In the meantime I have seen new APs with less than stellar credentials obtain AP positions, and I have finally given up on the whole process.
I firmly believe that somewhere there is something or someone who has blacklisted me — in spite of my education, my SAS, SDA, experience in staff development, curriculum development, ESL, Spanish and French licenses, and experience in teaching those languages and Special Ed. It seems so peculiar that there was not one position for which I was qualified in the past four years of steady applications.
You have no idea how disheartening it is to watch such mediocre new APs come in, out of the blue with no experience, no tenure, while one has all the qualifications.
So, I guess I am just sharing what I have gone through. I have to work another ten years as a teacher before I can leave the NYCDOE. I hope God gives me the strength to stay put.
I hope more people will tell their stories, on this blog or someplace else. Everywhere, in fact.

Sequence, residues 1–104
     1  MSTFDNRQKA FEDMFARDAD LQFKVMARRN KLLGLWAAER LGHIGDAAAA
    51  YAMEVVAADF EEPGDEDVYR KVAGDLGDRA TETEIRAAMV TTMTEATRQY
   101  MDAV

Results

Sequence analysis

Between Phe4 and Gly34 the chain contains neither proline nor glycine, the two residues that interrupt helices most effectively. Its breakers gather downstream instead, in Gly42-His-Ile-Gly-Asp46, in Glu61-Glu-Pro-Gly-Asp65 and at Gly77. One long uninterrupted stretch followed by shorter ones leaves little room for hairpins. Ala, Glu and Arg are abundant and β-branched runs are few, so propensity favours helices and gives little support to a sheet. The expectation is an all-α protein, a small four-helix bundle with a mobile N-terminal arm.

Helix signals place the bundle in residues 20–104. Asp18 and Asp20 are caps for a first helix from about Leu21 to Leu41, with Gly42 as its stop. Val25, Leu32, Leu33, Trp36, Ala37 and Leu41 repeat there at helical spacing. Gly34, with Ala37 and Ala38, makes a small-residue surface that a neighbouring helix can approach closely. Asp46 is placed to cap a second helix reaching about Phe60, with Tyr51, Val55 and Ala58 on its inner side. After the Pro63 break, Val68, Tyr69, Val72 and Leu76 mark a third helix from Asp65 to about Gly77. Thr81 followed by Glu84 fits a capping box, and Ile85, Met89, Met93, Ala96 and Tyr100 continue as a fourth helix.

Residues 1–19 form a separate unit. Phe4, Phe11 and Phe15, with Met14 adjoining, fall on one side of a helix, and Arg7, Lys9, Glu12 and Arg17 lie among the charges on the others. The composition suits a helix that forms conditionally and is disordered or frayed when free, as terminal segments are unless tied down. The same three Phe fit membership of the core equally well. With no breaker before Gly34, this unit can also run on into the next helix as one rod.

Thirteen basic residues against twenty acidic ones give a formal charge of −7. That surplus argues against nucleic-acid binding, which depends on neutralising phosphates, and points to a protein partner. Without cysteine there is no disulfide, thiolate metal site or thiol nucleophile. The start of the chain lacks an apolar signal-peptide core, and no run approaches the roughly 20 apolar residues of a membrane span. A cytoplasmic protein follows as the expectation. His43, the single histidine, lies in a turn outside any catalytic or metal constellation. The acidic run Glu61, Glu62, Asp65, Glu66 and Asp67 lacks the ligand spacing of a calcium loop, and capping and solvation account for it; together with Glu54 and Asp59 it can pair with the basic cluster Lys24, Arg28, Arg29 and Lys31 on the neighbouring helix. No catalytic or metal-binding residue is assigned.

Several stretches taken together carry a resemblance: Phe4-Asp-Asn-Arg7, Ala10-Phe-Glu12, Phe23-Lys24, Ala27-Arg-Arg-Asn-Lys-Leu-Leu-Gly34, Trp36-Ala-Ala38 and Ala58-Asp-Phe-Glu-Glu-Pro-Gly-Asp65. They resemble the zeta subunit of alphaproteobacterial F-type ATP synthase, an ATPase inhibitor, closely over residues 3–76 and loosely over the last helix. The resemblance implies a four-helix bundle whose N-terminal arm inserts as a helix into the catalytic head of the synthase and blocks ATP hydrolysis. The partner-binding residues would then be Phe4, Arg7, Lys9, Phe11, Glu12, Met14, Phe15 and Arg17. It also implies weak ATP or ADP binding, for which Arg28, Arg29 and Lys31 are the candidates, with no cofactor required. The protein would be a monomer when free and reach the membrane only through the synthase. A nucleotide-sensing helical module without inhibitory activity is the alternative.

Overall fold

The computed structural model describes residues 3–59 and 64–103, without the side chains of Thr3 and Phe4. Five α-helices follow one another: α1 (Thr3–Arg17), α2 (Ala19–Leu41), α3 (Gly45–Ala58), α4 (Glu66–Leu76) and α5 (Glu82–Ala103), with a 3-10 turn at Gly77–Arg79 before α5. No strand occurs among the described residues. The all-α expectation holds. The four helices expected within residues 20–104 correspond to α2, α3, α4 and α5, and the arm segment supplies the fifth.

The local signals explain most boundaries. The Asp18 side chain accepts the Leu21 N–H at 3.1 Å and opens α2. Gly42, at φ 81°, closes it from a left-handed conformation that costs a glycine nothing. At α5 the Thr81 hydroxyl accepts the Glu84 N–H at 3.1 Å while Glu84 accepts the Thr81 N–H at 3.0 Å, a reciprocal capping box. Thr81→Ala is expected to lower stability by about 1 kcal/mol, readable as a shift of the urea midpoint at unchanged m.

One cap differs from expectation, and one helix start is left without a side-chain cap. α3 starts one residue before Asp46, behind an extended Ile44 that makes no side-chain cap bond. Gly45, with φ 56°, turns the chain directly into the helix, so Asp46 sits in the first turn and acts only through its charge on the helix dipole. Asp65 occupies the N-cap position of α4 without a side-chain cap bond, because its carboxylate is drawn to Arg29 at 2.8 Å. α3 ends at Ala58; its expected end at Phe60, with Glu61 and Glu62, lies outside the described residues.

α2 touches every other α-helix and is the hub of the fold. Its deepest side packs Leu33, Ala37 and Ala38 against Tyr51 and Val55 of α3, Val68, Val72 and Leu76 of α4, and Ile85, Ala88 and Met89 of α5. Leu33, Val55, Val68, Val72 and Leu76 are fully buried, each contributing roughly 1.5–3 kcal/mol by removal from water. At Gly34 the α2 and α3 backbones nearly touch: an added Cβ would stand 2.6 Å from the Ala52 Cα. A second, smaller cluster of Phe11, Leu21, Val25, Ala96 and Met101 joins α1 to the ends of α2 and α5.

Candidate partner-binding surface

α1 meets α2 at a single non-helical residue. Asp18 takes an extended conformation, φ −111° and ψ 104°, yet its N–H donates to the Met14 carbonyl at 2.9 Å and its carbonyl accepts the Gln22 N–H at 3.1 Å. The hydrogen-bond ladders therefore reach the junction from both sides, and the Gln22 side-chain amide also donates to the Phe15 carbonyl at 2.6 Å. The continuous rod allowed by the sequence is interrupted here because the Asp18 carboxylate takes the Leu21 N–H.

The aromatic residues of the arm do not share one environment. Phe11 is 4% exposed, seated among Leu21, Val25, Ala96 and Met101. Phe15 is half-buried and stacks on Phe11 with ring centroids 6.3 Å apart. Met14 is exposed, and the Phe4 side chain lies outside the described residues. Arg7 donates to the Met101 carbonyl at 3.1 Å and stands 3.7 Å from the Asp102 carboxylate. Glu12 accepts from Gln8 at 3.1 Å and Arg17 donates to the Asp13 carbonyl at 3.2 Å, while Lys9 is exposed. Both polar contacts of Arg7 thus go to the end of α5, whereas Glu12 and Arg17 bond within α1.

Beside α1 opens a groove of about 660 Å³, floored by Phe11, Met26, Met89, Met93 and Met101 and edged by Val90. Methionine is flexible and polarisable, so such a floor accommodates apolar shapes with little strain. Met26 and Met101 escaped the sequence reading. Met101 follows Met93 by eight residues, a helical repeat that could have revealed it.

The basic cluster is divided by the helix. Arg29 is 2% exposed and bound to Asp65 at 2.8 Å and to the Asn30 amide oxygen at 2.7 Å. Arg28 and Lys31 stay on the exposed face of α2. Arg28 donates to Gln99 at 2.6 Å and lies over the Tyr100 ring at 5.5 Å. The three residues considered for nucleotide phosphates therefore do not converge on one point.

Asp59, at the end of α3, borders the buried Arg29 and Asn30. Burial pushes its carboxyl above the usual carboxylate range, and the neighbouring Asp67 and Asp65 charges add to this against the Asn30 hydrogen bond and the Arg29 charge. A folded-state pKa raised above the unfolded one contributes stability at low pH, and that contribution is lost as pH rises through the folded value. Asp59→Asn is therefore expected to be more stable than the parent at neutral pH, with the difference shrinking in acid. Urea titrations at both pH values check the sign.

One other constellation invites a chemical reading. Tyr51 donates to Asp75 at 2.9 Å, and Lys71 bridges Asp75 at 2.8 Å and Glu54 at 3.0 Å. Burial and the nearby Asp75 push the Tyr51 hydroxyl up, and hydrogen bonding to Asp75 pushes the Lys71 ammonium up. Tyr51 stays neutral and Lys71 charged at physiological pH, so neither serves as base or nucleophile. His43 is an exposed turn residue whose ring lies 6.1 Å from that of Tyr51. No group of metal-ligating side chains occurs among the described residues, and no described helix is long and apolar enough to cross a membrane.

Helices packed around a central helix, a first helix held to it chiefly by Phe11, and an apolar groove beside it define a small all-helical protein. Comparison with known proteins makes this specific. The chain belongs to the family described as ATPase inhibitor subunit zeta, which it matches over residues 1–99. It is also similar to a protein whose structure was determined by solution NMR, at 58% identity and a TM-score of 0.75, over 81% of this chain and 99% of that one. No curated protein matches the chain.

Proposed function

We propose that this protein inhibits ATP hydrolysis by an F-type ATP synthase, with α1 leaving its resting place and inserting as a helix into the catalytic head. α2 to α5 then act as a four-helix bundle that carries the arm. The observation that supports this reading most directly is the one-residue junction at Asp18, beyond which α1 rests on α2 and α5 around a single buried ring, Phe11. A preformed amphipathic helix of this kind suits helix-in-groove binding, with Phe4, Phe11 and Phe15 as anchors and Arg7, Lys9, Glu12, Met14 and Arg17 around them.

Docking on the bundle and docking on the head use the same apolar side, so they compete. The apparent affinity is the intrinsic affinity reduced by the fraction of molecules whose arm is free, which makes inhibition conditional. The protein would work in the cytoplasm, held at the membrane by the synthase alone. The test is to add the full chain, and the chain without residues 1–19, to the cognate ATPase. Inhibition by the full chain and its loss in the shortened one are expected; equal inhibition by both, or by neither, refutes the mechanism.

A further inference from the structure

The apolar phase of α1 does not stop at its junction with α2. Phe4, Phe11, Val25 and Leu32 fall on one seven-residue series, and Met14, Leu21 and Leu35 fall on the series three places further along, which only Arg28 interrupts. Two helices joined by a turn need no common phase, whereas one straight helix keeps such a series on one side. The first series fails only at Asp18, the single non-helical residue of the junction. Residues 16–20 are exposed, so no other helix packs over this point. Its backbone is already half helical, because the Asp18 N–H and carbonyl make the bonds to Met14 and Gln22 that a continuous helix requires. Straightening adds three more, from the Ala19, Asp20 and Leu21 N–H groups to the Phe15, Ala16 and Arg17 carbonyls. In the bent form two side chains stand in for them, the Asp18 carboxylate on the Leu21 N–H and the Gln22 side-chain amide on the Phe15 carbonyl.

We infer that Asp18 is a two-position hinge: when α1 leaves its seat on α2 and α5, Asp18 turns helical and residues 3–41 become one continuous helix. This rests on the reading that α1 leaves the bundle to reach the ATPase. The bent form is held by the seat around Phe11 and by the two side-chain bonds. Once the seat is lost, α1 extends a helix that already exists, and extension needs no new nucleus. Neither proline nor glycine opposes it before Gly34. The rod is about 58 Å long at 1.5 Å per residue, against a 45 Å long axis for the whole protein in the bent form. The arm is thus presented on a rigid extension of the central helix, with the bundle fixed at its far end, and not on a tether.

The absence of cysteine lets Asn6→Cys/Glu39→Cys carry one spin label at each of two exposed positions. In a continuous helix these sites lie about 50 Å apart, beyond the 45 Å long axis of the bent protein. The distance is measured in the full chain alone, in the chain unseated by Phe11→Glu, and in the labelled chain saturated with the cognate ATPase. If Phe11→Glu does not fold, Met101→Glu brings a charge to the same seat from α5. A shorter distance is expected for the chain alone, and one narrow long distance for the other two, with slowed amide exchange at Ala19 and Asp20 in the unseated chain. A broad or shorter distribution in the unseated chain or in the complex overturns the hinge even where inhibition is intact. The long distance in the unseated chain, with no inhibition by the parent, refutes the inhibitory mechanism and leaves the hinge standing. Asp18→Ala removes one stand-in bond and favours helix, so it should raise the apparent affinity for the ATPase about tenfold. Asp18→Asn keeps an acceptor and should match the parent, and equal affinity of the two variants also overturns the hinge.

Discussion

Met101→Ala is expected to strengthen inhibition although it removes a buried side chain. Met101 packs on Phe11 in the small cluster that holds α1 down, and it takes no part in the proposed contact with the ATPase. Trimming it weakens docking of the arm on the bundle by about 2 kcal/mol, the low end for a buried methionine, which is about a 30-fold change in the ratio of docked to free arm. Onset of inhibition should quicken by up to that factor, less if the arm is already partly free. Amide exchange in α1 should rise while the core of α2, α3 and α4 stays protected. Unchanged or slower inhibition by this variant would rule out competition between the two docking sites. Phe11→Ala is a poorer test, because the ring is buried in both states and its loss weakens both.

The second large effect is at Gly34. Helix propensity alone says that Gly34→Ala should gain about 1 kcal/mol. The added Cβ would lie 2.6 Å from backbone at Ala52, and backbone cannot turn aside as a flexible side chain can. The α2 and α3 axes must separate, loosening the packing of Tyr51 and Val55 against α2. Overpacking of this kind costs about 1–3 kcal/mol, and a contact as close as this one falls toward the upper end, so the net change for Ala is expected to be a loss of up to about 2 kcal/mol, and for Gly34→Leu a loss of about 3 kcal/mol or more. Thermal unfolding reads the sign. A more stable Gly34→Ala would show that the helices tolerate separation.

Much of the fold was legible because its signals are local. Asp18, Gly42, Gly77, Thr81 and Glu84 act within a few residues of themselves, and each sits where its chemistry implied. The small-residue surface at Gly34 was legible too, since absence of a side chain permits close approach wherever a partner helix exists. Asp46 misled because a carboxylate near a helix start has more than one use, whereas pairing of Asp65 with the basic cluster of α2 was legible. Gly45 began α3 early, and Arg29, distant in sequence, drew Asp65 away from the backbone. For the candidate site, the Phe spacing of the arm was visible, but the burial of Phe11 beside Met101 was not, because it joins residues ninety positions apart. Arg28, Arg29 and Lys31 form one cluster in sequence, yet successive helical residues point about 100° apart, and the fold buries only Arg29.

About ten days ago I wrote something about warehousing music in New York City. Yesterday I was told my position would be closed. Coincidence?
The principal said something about the "tallies" didn't work out. For student enrollment? budget constraints? I don't know what she meant, but I do know that ATRs who are excessed out of a position in a school that hasn't closed don't save the principal money. They remain on the school's budget until they get placed in another school.
So it's far from clear why she's closing one of the positions down. Why not use the two music teachers who'll be floating in the building this spring to make two smaller music classes out of the 50 kids per class they've scheduled up to now? This would be a great chance to let the students get their required semester of high school music in a more normal — and way more appropriate — learning environment. One can only speculate on her reasoning, but I can't imagine it has anything to do with quality education for children or tapping into staff expertise.